Altar Call – Opelika-Auburn News

Walter Albritton

May 22, 2005


How easy to overlook the help we receive from others!


          Last Sunday I wrote about my vegetable garden. When my wife read the column, she said, “Very good, but you left something out – you forget to mention that your grandson broke up the ground for you.”

          She was right. I had overlooked Joseph’s good help. The oldest child of our son Tim and his wife Karen, Joseph is 17. This fall he will be a senior in high school.

          Since Dean pointed out my omission to me, I have been reflecting on the matter. How easy it is for us to overlook the contributions that others make to our lives! Often we take such help for granted, quickly forgetting the helping hand that friends have provided.

          I thought about how Joseph might have felt had he read the article about my garden. No doubt he would have wondered why there was no mention of his hard work. It consoled me only a little to think that probably he had not read the column.

          Yet the truth is that in my self-centeredness I had forgotten his contribution to the project. I picked a place in the sun, on our back lawn, where there was little shade. However, the grass had to be removed before we could till the soil.

          Removing the grass required the use of a hoe and a shovel. It was hard work, too much for my aged knees. So I asked big, strong Joseph to clear the grass out of the way. The job took him over an hour. I remember thinking that I was doing him a favor. He needed the exercise so he could strengthen his body for playing football and basketball next season. The hard work would do him good, and it would have been tough on my new, artificial knees.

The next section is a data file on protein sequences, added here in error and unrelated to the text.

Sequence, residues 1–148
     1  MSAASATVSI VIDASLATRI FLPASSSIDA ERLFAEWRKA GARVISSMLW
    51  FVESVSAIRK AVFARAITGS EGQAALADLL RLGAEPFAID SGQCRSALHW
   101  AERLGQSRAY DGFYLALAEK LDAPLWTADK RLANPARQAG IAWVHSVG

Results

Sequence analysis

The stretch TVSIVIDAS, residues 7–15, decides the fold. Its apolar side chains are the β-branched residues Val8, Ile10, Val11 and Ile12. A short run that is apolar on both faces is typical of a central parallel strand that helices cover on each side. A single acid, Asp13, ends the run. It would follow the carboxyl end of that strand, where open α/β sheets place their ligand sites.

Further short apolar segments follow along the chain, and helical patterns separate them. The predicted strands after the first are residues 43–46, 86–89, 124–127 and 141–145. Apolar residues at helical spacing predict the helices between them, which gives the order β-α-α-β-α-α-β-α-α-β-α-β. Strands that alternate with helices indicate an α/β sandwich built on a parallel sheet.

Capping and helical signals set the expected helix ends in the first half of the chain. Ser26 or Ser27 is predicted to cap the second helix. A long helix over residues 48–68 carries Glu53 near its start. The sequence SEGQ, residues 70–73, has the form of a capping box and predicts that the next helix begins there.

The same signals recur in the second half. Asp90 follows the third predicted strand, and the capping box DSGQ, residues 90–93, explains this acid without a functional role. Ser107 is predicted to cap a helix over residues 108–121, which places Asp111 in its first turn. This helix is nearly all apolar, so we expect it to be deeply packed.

Joseph did such a good job removing the grass that I decided to let him use the tiller to break up the soil. By the time he finished, he had worked up a good sweat. I had helped him. He would be a stronger athlete this fall.

          While all that is true, how in the world did I forget to mention his help when I wrote about my garden? The answer lies in the word “my.” I was focused on myself. It was all about me – what I thought, how I felt, what I had done. My sin was exposed by my own self-centeredness. Without intending to do it, I had overlooked Joseph’s valuable assistance.

          Writing about my sin of omission is therapy of a sort for me. I feel better having admitted my error. I am doing so in the hope that this will not soon happen to me again. That all of us are guilty of this sin does not lessen my pain very much. I simply need to be more conscious of the contributions that others make to my life, and to express my gratitude openly and often.

          I plan to make sure Joseph reads this article even though he probably does not feel that I owe him an apology. I know I do and that is reason enough. Perhaps reading my confession will make Joseph more aware of the help he receives from others, and more willing to acknowledge their aid.

          Squash and strawberries will be ready to gather soon. If the deer, squirrels, and birds do not rob me of this harvest, I plan for Joseph to enjoy the first fruits of the garden he helped me create. A few strawberries on some ice cream should bring a smile to his face.

          My little garden looks good; everything we planted is growing. We should have some nice peppers to offer Mama very soon. However, from this day forward, my garden has a new name. Henceforth I plan to call it what it truly is – our garden, Joseph’s and mine.

          Every time I water our garden, I will be asking myself a good question: Whose contribution to my life am I overlooking? It is one thing to be blessed by the help of friends. It is another to be aware of their help and to be thankful for it. + + + +